The star formation rate in the centre of M 51 is very low, SFR(r< 3′′) ~ 0.01 M/yr in the central area involved in the putative outflow (Kennicutt et al. 2007; Fang et al. 2015). Given that the star formation rate is two orders of magnitude lower than the outflow rate, it is in principle not possible that the outflow is driven by a nuclear starburst. The bolometric luminosity of the AGN is Lbol ~ 1044 erg s-1 (Woo & Urry 2002); therefore, on energetic grounds, it is well possible that the AGN is driving the outflow. The question is how: in principle, gas could be expelled directly by radiation pressure, but as we have seen, CO emission seems to avoid the ionisation cone (which also seems to apply to the central ~3′′, judging from our moment-0 map, and the higher resolution maps from Matsushita et al.). Consequently, it looks like entrainment through the radio jet is the most probable mechanism. However, while the energy of the jet is estimated to be 6.9 × 1051 erg, the momentum is only 2 × 1041 g cm s-1 (assuming a jet velocity of 0.9c; Crane & van der Hulst 1992). As already discussed by Matsushita et al. (2004, 2007), the energy is sufficient, but the power of the jet is too low to explain this coupling directly; perhaps a continuous transfer between energy and momentum could explain this apparent mismatch. We also note that the energy and momentum of the jet could in principle be underestimated because the emissivity of the relativistic plasma depends on the local conditions of the ISM, and might not always be detectable in the radio maps.. Finally, another possibility would be to abandon the idea of a molecular outflow, and interpret the velocity gradient observed as evidence of molecular gas inflow.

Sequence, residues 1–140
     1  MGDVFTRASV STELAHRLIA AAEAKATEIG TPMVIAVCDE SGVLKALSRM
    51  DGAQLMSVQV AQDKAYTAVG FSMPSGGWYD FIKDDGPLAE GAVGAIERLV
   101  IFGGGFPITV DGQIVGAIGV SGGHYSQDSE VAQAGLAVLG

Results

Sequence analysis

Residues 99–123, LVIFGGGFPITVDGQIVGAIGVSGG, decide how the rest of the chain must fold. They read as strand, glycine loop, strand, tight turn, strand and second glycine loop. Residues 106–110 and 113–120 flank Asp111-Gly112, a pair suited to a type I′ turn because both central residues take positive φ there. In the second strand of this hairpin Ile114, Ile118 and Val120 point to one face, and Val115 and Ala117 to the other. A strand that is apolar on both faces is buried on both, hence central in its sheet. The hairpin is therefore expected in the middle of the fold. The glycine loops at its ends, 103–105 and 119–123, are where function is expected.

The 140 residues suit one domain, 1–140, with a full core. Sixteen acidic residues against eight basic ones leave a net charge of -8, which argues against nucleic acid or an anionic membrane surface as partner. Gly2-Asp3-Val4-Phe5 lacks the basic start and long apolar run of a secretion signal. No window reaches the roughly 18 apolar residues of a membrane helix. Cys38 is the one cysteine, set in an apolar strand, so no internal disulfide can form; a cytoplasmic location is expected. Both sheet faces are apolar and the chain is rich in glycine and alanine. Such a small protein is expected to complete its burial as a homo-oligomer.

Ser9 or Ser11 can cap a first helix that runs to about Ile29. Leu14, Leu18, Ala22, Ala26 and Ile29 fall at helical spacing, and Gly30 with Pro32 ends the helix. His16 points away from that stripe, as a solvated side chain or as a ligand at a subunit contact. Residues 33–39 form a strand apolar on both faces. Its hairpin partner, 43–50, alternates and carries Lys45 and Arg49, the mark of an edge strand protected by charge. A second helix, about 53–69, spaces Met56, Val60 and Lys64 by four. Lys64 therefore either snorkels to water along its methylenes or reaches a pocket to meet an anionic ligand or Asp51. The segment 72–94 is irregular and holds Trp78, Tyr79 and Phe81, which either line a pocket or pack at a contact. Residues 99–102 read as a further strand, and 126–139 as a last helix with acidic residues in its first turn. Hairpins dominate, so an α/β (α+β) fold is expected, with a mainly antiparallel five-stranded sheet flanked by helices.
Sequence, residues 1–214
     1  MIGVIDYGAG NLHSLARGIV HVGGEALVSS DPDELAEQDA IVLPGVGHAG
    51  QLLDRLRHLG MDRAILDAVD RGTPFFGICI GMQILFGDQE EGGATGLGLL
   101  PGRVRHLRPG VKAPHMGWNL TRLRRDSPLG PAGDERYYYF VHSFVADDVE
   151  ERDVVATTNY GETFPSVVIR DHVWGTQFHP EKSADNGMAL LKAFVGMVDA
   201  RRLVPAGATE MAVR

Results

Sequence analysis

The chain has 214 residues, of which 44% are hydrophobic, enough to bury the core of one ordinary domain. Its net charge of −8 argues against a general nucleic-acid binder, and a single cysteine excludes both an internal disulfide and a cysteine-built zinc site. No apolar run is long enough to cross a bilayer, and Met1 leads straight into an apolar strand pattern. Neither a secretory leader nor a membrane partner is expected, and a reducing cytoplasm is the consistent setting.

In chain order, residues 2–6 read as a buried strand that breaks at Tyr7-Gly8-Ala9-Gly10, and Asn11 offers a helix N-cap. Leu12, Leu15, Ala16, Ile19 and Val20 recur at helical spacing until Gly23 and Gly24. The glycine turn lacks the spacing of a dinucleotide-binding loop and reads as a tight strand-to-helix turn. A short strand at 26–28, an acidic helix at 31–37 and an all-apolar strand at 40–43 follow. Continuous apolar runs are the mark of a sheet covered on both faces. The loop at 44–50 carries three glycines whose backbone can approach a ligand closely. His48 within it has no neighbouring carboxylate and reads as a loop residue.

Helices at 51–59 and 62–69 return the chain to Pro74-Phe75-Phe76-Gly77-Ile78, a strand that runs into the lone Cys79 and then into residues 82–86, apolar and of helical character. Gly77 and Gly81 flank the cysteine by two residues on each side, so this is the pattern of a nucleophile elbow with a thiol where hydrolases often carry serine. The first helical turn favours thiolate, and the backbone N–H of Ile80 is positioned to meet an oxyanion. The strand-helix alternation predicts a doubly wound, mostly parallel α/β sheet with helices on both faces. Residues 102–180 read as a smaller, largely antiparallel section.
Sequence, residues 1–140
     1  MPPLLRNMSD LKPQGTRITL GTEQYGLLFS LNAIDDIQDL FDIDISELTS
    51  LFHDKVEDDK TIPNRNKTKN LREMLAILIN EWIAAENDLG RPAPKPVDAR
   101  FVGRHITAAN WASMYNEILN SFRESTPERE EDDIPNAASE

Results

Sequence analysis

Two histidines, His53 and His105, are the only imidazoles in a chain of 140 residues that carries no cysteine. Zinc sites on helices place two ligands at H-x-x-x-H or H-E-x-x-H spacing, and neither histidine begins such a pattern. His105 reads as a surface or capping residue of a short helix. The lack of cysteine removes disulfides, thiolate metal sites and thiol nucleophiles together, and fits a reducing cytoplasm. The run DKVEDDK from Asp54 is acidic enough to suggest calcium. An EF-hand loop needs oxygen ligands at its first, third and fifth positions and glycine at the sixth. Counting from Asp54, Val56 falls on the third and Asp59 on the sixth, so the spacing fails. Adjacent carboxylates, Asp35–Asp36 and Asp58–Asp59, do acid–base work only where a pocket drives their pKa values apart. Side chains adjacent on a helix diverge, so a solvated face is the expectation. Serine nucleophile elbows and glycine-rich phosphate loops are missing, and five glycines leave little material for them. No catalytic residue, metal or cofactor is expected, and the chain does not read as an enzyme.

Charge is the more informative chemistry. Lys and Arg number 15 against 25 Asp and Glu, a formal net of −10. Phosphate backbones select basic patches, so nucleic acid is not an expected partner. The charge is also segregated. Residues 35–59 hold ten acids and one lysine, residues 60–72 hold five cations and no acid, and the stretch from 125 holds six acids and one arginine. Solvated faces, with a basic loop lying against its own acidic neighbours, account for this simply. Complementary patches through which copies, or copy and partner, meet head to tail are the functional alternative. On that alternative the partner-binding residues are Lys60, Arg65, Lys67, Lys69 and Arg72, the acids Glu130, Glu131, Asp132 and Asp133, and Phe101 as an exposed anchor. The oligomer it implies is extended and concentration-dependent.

Finally, we briefly comment on the potential impact of this outflow of molecular gas on its host galaxy. If the material is outflowing, and if it shares the same inclination as the radio jet (α = 70°), this means that the projected velocities of ~100 km s-1 would translate into typical linear velocities around ~300 km s-1. This is probably below the escape velocity for the whole galaxy, but sufficient to exceed the escape velocity of the bulge (which we estimate as km s-1). Therefore, it can well be that a significant part of the molecular gas in the circumnuclear region is expelled from the bulge by the AGN-driven outflow, and the rest will be partially recirculated in a process similar to a galactic fountain, which could also increase the amount of turbulence and thus regulate star formation in the bulge region.

4.5. Relation between inflow and AGN feedback

In Querejeta et al. (2016) we have shown that there is molecular gas inflow down to our resolution limit of 1.7′′ (although the inner region, r ≲ 3′′ is highly uncertain). This molecular gas inflow can be explained by the gravitational torques exerted by the ~1.5 kpc-long stellar bar. However, in this paper we have shown that in the innermost region of M 51 the interplay between AGN, molecular gas and stars becomes very complex. The apparently chaotic response of molecular gas to AGN feedback through radio jets could actually explain the discrepancies between AGN activity and large-scale inflow (for example, the lack of correlation, or only weak correlation, between presence of bars and AGN activity; Knapen et al. 2000; Laine et al. 2002; Cisternas et al. 2013). Overall, this would contribute to limit the amount of gas that can reach the SMBH, and, thus, control the AGN duty cycles. A scenario in which gas can easily make it to the central ~100 pc through secular evolution mechanisms, but is then trapped in a number of cyclical motions triggered by the omnidirectional pressure from the radio jets is well compatible with our data. It is quite remarkable that the inflow rate estimated in Querejeta et al. (2016) in the central ~3′′ coincides so well with the outflow rate estimated here, ~1 M/yr. This could be a coincidence, of course, but it could also be reflecting some self-regulating balance between inflow and outflow. Overall, the feedback effects that we have discussed (the molecular outflow, the lateral expansion, and the increase of turbulence) are a plausible way for the nuclear black hole to regulate its own growth in connection with its surrounding environment.